Little fish a big deal: Oregon chub to leave Endangered Species List

Little fish a big deal: Oregon chub to leave Endangered Species List »Play Video
Oregon chub (ODFW photo)

SPRINGFIELD, Ore. - A 2-inch minnow made a big splash near Springfield on Tuesday.

The Oregon chub becomes the first fish species ever proposed for delisting from the federal Endangered Species Act. 

"We're not saying it won't need management," said Paul Henson, Oregon director of Fish and Wildlife. "But they can leave the hospital and get out to be an outpatient."

The announcement came Tuesday morning along a McKenzie River slough near Springfield. 

Officials said the chub was down to about 1,000 two decades ago.

Reintroducing the fish in rivers has brought population up to over 150,000 now in the Willamette River basin.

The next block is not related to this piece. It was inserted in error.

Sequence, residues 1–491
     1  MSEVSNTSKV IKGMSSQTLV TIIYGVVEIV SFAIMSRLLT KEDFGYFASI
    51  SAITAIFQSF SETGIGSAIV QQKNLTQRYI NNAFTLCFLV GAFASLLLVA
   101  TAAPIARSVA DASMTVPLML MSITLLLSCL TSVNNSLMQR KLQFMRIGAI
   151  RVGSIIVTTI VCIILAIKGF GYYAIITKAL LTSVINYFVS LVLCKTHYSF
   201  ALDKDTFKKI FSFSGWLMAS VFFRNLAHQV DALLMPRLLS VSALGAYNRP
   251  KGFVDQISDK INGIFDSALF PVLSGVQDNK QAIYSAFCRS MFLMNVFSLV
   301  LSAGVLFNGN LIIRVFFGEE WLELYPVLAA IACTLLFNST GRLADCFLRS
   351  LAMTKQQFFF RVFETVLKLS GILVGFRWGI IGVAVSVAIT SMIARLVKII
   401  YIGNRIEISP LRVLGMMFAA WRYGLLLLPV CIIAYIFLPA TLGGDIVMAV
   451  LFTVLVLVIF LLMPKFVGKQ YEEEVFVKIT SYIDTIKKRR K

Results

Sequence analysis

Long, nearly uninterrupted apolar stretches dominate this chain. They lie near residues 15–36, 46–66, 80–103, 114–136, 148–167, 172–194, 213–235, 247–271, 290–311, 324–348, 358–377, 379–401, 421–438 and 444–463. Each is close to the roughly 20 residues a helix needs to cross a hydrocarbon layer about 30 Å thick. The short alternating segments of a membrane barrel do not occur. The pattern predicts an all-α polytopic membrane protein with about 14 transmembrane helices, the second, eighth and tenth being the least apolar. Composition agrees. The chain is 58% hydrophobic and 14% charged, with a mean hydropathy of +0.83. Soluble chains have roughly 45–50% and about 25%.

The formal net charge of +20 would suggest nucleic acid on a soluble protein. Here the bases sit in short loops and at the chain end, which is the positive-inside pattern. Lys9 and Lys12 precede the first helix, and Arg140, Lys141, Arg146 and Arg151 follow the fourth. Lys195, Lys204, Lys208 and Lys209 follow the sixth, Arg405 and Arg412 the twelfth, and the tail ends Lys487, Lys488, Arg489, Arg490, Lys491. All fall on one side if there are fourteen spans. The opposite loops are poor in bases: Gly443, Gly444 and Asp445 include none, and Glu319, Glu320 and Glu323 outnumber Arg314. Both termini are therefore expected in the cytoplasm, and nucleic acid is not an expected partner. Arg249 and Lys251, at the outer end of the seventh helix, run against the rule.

Ongoing monitoring will continue for the next 9 years, said Paul Scherer, lead project manager for the Oregon Department of Fish and Wildlife.

Joe Moll, executive director of the McKenzie River Trust, said the chub's obscurity made it easier to find solutions because there were none of the high stakes and big egos involved in charismatic species like wolves, grizzly bears and salmon.

"We are better able to look at something that you can put in the hand of a little kid, and just reflects joy with the natural world," he said. "The recovery of the Oregon chub is a sign the river is still alive. It still has the processes that things like chub and chinook salmon juveniles evolved with."

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The Associated Press contributed to this story